Logistics in Africa is tough. Africa just does not have the infrastructure, has an education gap, and does not widely deploy technologies like GPS tracking that are common in the West. But add to that the Ebola plague, insurgent groups like Boku Haram, corruption, and instable government regimes, and you have what appears to be a risk management nightmare.
But if you are consumer goods multinational, you can’t ignore the rewards. Growth in Western nations for your products will be limited. The populations are aging, the economies are growing slowly, and the markets are mature.
In contrast, billionaire Investor George Soros has described Africa as “one of the few bright spots on the gloomy global economic horizon” with one the fastest growing middle class in the world.
So, consumer goods companies would be foolish to not push aggressively into Africa. Africa and Asia are their future. But how does a CPG company navigate the supply chain risks?
The simple answer is that it comes down to risk versus reward. The safe way, particularly in the initial stages of market penetration, is to outsource logistics or even distribution to local companies.
And there are some big distributors and 3PLs that you can work with. I talked to Cobus Rossouw, the Chief Business Development Officer at Imperial Logistics, about this. Despite its name, the South African headquartered Imperial Logistics generates a large portion of its $9 billion in annual revenues from acting as a distributor rather than as a third party logistics (3PL) company.
One point Cobus made is that working with a knowledgeable local expert can get you the domain expertise you need in an extremely heterogeneous operating environment. Africa has 55 nations, 2,500 languages, and over one billion consumers. The cultural practices differ from nation to another, and often from town to town. And the risks of working in southern Nigeria, are not the same as you would see in Northern Nigeria where Boku Haram is active.
While Imperial Logistics fully understands the operational intricacies of operating in South Africa, South Africa is not Ghana, it is not Mozambique, and it is not Nigeria. Imperial Logistics itself partners with local champions in the African nations in which it operates. The partnerships often take the form of an equity stake in the partner companies.
Cobus also made the point that it may make more sense to work with a distributor than a 3PL. A distributor takes ownership of the goods. In a continent with poor logistics, this means that as a distributor they can offset the delivery uncertainties by storing appropriate inventory. And because Imperial Logistics as a distributor has a stake in the success of the brand, Imperial wants to place its bets in the cities and regions that offer the best ROI opportunities.
Further, working with a distributor has one more advantage. In the West, the retailers have mature supply chain capabilities and much of the inventory that ends up on store shelves flows through their distribution centers.
In Africa, distribution expertise needs to encompass Western style stores, as well as Africa’s complex, but increasingly important, informal markets. These stores can be in open air markets or they might be tiny store fronts on crowded streets. In the West, direct store deliveries make up a small portion of what is delivered to most retailers. In Africa, the distributor business model, which includes sales and deliveries to these small stores, are much more important.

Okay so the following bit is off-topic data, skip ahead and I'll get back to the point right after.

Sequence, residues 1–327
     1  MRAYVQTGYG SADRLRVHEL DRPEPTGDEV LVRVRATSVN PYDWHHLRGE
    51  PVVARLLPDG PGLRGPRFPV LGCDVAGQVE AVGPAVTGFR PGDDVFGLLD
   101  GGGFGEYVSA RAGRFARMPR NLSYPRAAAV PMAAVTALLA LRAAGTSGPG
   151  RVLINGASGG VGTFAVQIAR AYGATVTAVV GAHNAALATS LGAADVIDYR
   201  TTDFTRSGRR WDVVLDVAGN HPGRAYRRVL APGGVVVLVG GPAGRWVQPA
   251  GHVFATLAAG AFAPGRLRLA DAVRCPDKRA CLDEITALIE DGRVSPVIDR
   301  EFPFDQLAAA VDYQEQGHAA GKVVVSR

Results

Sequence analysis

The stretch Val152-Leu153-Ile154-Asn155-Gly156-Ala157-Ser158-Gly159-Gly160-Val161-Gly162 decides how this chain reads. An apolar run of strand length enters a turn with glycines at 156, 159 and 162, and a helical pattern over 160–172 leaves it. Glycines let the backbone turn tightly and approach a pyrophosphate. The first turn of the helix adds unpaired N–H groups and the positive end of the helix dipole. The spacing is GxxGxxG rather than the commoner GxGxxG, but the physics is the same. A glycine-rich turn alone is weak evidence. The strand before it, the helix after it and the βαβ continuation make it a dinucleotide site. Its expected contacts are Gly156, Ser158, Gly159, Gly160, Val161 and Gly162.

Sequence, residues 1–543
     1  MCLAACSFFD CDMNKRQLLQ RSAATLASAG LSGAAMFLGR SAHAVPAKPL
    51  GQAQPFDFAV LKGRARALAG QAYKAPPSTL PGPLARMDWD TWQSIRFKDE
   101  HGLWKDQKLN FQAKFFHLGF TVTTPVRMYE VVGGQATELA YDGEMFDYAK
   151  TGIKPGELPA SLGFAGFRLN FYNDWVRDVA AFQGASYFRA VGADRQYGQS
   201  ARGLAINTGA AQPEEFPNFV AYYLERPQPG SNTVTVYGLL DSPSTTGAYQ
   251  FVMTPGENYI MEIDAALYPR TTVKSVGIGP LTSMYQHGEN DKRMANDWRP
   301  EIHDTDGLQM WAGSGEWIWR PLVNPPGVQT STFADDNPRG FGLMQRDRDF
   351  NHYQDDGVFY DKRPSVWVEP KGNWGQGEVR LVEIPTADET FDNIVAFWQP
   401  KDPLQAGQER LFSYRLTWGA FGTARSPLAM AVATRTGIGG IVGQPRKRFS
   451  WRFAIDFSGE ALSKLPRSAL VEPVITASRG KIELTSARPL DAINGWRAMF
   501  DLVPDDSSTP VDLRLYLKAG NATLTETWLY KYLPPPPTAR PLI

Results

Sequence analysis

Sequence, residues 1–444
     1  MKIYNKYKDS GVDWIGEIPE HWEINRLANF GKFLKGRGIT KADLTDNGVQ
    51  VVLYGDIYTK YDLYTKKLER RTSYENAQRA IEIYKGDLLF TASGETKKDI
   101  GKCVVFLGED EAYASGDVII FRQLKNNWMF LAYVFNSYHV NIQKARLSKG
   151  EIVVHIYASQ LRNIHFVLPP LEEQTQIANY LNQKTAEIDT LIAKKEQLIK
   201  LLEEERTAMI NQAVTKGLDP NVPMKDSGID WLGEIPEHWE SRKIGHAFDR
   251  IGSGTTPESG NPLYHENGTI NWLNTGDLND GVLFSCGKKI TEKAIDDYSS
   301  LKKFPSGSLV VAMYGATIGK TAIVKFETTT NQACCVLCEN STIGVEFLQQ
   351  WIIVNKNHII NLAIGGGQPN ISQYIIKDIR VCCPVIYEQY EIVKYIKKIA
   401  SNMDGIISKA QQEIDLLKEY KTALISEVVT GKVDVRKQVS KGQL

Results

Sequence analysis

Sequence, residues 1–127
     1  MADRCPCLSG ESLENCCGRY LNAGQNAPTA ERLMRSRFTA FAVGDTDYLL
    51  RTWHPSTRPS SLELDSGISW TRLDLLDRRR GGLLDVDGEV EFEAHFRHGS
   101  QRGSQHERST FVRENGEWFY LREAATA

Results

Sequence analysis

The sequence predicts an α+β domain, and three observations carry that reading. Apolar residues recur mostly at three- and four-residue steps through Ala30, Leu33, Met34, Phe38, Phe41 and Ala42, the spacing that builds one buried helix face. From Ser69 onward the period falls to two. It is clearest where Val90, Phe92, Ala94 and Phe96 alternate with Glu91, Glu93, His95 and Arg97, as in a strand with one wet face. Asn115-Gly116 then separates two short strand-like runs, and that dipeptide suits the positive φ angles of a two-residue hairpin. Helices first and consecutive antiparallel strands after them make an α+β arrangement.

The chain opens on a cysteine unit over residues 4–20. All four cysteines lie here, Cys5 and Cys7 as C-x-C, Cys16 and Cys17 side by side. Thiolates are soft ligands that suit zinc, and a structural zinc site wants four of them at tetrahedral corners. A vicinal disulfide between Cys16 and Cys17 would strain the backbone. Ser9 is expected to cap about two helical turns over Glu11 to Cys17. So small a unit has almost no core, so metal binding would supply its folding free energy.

In Africa, Consumer Goods Companies Can’t Ignore Informal Markets
But large consumer goods companies that want to grow market share rapidly often choose to grow their local logistics infrastructure. While partnering is a good way to get started, these companies have decided that to truly ramp up market share or improve margins, they need control.
Procter & Gamble has two facilities in Ibadan‚ Nigeria‚ and is building a manufacturing plant in Lagos, as well as multi-category manufacturing plant in South Africa which they will use as a base to export from to other Southern and Eastern African nations.
Unilever has a multiyear, 75 million pound investment plan across South Africa, Nigeria, Ghana, Côte D’Ivoire, Kenya and Zimbabwe.
Diageo has revamped their supply chain organization. They went from a global organization with African supply chain managers reporting into a global supply and global procurement organization, to an organization where Africa takes responsibility for their indigenous supply chains.
But trade barriers between African countries remain one of the biggest challenges in creating a sustainable brand on the continent. In a report examining the barriers that stifle cross-border trade within the continent‚ the World Bank revealed that Africa’s largest retailer, Shoprite, spends a hefty $20‚000 a week on import permits to transport goods to its stores in Zambia alone.
“For all countries it operates in‚ approximately 100 single-entry import permits are applied for every week; this can rise up to 300 per week in peak periods. As a result of these and other requirements‚ there can be up to 1‚600 documents accompanying each truck Shoprite sends with a load that crosses a border in the region‚” the World Bank stated. Other risks in the rest of Africa include the lack of suitable real estate and currency volatility.
In conclusion, when you read about the challenges of operating in Africa, it is easy to focus on containing risks, but too heavy a focus on risk mitigation reduces potential rewards. Africa is not an easy place to operate in, and there are few easy answers, but it is the future.